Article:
A few weeks ago, I launched the Storm Rider Indiegogo Campaign to raise funds to help cover the costs of publishing the next novel in the Lasniniar Series. (Stuff like professional proofreading, startup inventory, and other administrative fees can get expensive when you’re a fledgling indie writer.)
I went with Indiegogo because I live in Canada, and you can’t really set up a campaign on Kickstarter unless you live in the US. One of the other perks of going with Indiegogo is the ability to run a Flexible campaign, which Kickstarter doesn’t offer.
The Flexible option allows the campaign to receive all funds raised (minus fees), regardless of whether the goal is met. But if you don’t hit your goal, Indiegogo’s percentage of what you raise increases, so keep that in mind. Another benefit of the Flexible option is the ability to accept payment via credit card, in addition to Paypal. This really made a difference for me because a lot of my contributions ended up using the credit card payment option.
Now, my campaign didn’t raise thousands of dollars or overshoot its goal, but I did end up raising all the money I asked for, which was enough for what I needed. Here are some of the approaches that worked for me:
Do your homework.
Study successful campaigns run by other people in the same field. What kind of perks are they offering? How many contributors showed interest in each perk? What are their campaign videos like? How much did they ask for?
Remember that just because one person ends up raising far more than they asked for doesn’t guarantee your campaign will do the same. For every one of those people who knock it out of the park, there are still countless others who never even reach their goal. Compare your existing network to theirs, and adjust your strategy accordingly.
If you already have a newsletter, that’s also a great place where you can ask your readers what kind of goodies they would be interested in, since they should be your target audience.
The most important thing to keep in mind when trying to come up with that magic number is to be realistic. How much do you really need to get to where you want to go? Don’t just estimate; get the hard numbers. You’ll also need to keep the following costs in mind:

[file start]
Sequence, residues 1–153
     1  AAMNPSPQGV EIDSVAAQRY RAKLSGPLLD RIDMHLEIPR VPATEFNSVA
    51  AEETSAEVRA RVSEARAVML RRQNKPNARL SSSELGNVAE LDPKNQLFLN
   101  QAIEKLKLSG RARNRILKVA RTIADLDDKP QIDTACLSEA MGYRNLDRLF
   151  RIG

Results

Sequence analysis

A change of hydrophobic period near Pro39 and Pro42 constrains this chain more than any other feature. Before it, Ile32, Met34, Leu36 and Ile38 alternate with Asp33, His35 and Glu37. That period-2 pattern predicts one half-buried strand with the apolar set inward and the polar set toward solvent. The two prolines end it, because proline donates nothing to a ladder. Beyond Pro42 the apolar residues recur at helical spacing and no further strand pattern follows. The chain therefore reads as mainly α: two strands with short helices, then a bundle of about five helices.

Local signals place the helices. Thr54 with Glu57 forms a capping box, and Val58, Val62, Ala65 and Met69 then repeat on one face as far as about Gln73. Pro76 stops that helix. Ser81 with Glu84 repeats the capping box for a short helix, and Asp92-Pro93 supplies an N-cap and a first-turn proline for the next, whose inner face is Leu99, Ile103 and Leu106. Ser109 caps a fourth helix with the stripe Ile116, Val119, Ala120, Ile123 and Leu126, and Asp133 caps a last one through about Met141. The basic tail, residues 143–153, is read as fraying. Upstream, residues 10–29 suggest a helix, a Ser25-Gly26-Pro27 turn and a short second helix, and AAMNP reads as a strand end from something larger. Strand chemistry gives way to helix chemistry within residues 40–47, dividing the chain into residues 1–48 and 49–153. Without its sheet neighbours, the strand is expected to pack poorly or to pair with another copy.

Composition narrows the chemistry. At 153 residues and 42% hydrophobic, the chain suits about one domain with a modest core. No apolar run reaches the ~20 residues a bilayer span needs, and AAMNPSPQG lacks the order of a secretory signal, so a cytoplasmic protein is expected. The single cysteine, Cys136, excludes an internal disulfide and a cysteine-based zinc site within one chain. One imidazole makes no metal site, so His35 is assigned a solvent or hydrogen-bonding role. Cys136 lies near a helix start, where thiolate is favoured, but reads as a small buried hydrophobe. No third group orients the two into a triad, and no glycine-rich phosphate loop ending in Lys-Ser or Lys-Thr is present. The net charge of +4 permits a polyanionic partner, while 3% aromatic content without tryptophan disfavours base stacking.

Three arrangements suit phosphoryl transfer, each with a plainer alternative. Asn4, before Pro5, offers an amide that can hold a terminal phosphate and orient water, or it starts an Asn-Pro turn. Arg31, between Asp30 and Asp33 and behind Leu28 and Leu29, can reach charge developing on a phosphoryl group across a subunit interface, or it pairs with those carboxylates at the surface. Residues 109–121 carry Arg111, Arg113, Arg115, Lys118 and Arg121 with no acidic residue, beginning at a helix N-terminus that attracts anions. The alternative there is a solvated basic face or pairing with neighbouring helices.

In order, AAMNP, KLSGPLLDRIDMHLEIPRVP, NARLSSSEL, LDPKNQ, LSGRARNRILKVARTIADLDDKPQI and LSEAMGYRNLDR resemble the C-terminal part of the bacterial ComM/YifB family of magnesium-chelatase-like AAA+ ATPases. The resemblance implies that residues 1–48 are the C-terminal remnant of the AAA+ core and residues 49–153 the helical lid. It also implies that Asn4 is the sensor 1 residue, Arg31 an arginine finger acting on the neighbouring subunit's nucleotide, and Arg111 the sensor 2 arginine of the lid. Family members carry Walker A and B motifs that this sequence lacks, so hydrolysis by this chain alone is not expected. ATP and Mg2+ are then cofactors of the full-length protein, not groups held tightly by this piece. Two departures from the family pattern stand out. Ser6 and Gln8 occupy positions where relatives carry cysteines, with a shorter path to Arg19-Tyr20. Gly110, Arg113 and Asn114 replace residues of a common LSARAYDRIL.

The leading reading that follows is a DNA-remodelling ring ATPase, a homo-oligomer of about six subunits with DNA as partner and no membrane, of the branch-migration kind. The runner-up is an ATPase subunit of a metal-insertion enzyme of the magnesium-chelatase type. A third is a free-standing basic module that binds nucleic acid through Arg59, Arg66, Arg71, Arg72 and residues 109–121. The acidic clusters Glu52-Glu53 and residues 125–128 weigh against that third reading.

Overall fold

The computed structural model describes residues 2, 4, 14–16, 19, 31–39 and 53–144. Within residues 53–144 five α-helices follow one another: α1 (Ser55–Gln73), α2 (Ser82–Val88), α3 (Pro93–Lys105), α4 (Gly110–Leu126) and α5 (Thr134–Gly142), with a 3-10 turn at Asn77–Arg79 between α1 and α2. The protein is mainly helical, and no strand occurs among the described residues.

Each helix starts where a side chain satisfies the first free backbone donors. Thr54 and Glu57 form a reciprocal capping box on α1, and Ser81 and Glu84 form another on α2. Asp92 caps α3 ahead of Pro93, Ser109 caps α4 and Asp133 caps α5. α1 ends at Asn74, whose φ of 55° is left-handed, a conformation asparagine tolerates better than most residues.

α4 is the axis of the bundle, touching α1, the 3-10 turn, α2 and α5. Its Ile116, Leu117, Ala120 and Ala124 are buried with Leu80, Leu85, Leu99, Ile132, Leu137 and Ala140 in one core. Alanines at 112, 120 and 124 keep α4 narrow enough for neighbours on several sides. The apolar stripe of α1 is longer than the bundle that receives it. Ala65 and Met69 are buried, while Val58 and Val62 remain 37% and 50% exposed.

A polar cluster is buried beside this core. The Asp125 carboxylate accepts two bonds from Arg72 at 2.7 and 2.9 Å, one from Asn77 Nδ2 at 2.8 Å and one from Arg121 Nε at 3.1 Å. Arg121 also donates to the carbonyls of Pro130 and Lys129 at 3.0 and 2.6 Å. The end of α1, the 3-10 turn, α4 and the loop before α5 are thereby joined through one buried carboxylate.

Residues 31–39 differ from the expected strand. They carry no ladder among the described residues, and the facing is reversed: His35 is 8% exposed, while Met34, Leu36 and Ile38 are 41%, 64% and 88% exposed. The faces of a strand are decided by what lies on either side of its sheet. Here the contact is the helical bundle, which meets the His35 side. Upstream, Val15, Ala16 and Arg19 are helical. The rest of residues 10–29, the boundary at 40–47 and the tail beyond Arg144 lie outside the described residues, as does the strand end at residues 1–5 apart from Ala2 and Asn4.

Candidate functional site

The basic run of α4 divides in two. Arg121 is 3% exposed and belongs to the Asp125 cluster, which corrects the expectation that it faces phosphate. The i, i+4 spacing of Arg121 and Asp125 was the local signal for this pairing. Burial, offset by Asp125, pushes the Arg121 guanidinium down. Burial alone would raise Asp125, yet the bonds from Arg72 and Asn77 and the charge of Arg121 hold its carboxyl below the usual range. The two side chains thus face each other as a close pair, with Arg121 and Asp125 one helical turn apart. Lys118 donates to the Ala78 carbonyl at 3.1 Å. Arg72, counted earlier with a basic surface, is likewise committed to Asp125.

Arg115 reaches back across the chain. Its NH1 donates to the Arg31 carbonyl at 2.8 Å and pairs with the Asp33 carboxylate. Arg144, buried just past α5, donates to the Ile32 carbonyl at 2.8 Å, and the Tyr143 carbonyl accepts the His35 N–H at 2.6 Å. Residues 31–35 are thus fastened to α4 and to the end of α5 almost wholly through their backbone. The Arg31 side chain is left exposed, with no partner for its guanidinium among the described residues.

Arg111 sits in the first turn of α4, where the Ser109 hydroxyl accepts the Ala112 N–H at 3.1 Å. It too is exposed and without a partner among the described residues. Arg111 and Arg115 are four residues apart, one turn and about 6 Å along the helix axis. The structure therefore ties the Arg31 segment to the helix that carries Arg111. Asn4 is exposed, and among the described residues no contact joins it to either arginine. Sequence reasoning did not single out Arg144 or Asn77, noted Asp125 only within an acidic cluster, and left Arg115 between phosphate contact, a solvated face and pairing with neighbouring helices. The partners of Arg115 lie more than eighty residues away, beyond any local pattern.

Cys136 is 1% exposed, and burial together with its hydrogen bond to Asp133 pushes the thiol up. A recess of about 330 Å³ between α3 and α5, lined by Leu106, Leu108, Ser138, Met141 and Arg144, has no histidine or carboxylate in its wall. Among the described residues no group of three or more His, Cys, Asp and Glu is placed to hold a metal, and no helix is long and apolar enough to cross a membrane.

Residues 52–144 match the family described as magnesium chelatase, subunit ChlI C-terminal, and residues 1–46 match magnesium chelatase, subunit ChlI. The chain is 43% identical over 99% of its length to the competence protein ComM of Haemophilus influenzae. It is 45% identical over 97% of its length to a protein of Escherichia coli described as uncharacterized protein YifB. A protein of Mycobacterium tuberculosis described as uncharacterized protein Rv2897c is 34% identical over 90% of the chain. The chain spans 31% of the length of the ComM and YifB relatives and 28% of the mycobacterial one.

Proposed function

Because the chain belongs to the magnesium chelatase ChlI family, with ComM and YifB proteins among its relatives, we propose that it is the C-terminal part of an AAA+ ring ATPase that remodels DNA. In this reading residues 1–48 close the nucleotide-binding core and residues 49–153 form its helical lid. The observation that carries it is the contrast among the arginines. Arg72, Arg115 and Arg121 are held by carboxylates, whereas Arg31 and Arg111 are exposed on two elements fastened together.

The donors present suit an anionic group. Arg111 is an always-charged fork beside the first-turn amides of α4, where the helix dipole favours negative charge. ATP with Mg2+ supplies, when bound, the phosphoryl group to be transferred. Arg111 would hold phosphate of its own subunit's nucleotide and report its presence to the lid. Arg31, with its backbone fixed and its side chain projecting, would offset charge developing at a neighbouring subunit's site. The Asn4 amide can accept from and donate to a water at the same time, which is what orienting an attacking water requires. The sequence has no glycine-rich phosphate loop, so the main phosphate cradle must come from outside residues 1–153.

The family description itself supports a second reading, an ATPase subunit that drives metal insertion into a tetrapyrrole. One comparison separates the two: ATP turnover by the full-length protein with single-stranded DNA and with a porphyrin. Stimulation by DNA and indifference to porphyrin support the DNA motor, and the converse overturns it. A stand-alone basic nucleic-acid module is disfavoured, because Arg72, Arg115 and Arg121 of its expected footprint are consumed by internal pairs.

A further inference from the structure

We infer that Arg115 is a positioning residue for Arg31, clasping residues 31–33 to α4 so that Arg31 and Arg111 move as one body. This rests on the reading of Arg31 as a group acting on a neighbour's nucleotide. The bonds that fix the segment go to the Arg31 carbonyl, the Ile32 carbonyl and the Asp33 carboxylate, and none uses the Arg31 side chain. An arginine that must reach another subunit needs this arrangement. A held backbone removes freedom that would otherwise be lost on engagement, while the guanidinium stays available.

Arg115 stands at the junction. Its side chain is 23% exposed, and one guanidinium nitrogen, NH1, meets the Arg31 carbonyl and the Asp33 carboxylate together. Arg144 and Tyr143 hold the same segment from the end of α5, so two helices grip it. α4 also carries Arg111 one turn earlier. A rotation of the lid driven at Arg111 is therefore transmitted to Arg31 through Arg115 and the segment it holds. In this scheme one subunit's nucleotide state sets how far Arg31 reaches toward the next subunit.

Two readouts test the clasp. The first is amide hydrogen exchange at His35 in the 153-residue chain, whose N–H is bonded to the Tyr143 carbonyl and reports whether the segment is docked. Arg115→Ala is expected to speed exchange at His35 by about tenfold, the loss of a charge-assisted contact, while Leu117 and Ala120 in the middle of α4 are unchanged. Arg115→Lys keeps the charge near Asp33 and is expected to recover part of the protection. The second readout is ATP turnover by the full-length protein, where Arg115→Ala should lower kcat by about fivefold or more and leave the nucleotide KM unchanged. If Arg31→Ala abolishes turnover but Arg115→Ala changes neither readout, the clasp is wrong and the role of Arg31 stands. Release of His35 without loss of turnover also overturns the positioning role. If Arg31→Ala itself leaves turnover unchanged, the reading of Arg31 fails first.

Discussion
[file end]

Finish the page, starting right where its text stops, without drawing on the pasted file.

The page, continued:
- Perk fulfillment: A lot of the stuff you’ll be giving away will probably cost money.
- Shipping costs: Some of your perks will probably need to be shipped to your contributors.
- Indiegogo/Kickstarter’s cut: How much of what you raise will go to the crowdfunding platform and transaction fees?
To keep some of these costs down, consider restricting the lower-end perks to digital items (ebooks, videos, etc.). This will eliminate physical inventory and shipping costs.
Even though it can be a lot to cram into your financial goal, you still want to keep it achievable. If you drive your price up too high, it could turn off potential contributors. (I can’t believe how much I see some people asking for just to publish one book… I could probably live for a year off of some of their financial goals!)
Also, make sure each of your perks is reasonably priced. This can make the difference between a campaign that feels like an exciting opportunity, and one that looks like a straight-up charity case.
Think outside the box.
I expected to get a large volume of smaller contributions to my campaign, but my experience ended up being the complete opposite. Two of my initial three contributors weren’t even part of my inner circle.
My husband is a member of a natural bodybuilding team, and when he shared the link to my campaign, two people contributed right away. The team is a very positive, supportive group, and many of them are entrepreneurs, so even though they aren’t my regular readers, some of them were generous enough to back me, which I never would have expected.
Some of my friends are also not really into buying stuff online, but they were happy to give me cash donations. I posted their contributions to my campaign on their behalf.
Don’t limit yourself. Try to consider all the different people you have the potential to reach, and if there’s a sticking point, try to meet them halfway.
This one can be tough, unless your campaign really takes off right away, and you end up earning most of your money in the first few days. Chances are, you’re in this for the long haul. That means a lot of emotional ups and downs as you anxiously monitor your progress.
The success or failure of your campaign should not be a measure of your self-worth. Remember this at all times. It’s easy to get down on yourself if several days go by without any contributions. It doesn’t mean you’re a bad person, or that no one loves you. You just need to keep moving forward, and try to find new ways to reach people.
Every dollar you receive, every retweet, Like, share, etc., is a reason to celebrate and be grateful. Let the people who are supporting you know how awesome they are because without them, you would have no campaign. The last thing you want is to give off an aura of entitlement.
Understand that not all of your family or friends are going to be able to support you financially. These are tough times for everyone. A lot of people also might not see why they should give money to something as ‘frivolous’ as an independent book, film, etc., or maybe they’ve just been bombarded with crowdfunding requests already. It happens. Don’t lash out, and don’t take it personally. Focus on the fantastic people who are backing you and move on.
Have YOU run a crowdfunding campaign? What was your experience like?
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